3Context3.3 ConstraintsIt is known that the site has been subject of previous land uses, the most recentbeing residential (The Dunraven Flats). Bridgend County Borough Councildemolished the building in 1996, utilising Welsh Development Agency Derelict LandGrant, and the site has remained vacant since that time. Work associated with theSPG (see Appendix 3 of the SPG) has shown that the site historically might havehad a Smithy, and heavy metals or fuel oil contamination may have occurred. Someold aerial photographs of the site can be found in the book “Around Porthcawl,Newton and Nottage” compiled by Keith E. Morgan, Page 88, where it is captioned“Cosy Corner, Porthcawl, viewed from the air in the 1930s”. For more history onthe development of Porthcawl, the book “Porthcawl, Newton and Nottage – AConcise Illustrated History” by Alun Morgan B.A. may be of some further interest.Data currently available with respect to the former activities on the site is insufficientto clearly identify or manage this risk or to provide appropriate cost estimates forground contamination for any residential redevelopment.The north western corner of the site has an electricity sub station. The wayleave,granted to Western Power by the Authority, is terminable by either party with a12 month notice.10The Environment Agency (EA) wrere consulted in 2006 when the disposal ofthis land was first considered and indicated that part of the site falls into theC2 flood risk zone. The development of the entire site has been the subject oflengthy discussions between the authority and the EA and a report prepared byEnvironmental and Planning Services Directorate – Review of Requirements fora TAN 15 Flood Consequences Assessment – February 2006, resulted in the EAbeing satisfied that the site could be redeveloped for residential purposes. A copyof the report is available on the information disk.The Tan 15 DAM Maps were updated in 2009 and indicate that the site is notwithin the C2 flood risk zone. However it could still be affected by extreme sealevels and wave conditions. An update from the EA is currently awaited.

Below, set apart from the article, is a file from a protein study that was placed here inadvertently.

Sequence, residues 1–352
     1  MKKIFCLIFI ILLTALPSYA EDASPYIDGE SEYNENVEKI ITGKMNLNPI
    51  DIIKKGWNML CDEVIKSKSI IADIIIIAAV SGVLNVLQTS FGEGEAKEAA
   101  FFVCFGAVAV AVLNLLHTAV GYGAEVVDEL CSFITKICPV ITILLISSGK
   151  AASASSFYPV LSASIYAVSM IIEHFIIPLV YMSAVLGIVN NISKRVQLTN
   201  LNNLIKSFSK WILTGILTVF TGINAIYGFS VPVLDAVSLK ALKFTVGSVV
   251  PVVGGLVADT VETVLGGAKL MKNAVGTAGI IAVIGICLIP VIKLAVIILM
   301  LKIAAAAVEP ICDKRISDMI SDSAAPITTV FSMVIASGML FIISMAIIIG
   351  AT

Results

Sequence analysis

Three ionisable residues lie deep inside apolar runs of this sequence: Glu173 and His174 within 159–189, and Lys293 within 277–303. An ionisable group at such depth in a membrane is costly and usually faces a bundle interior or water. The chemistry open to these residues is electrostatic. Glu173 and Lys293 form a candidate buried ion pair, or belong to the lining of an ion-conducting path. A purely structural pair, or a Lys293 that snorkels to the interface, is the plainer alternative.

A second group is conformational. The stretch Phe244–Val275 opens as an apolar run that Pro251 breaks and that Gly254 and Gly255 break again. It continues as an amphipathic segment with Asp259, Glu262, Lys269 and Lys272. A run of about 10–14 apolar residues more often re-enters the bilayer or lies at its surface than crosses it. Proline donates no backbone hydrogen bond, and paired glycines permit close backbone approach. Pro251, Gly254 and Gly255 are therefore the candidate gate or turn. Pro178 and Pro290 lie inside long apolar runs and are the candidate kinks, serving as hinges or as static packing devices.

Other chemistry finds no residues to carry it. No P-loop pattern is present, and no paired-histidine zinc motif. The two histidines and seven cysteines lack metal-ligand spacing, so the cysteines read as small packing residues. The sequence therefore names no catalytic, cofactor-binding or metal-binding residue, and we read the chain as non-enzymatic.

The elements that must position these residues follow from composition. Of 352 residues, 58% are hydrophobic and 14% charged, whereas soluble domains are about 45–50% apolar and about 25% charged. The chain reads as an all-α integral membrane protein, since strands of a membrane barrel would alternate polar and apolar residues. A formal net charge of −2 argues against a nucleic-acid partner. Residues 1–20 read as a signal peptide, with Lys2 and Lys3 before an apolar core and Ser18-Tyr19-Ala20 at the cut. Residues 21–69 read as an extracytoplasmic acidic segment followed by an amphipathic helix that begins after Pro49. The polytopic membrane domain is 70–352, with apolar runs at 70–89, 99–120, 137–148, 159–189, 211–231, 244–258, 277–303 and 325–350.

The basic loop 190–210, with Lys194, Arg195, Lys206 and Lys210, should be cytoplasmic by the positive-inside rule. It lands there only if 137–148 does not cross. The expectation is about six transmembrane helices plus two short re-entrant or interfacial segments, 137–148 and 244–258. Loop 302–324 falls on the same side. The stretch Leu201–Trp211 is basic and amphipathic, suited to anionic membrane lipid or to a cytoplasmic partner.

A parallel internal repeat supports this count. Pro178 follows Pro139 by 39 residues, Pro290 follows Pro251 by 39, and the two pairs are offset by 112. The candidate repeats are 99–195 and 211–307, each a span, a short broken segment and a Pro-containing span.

3Context3.3 Linkages3.4 Proximity to Local ServicesThe site is bounded to the south and east by adopted highways. The lane to thenorth and west is not an adopted highway. Footpaths edge the site to the east andsouth, providing easy pedestrian access to the facilities of the town.The site is contiguous with the town centre and a wide range of retail and leisureactivities are immediately accessible. Other community uses such as schools,library and doctors surgery are all close to the site.Image 10: View north from the site along the lane leading to The SquareImage 11: View of the triangular grassed area and western boundary wall of thesite – looking east11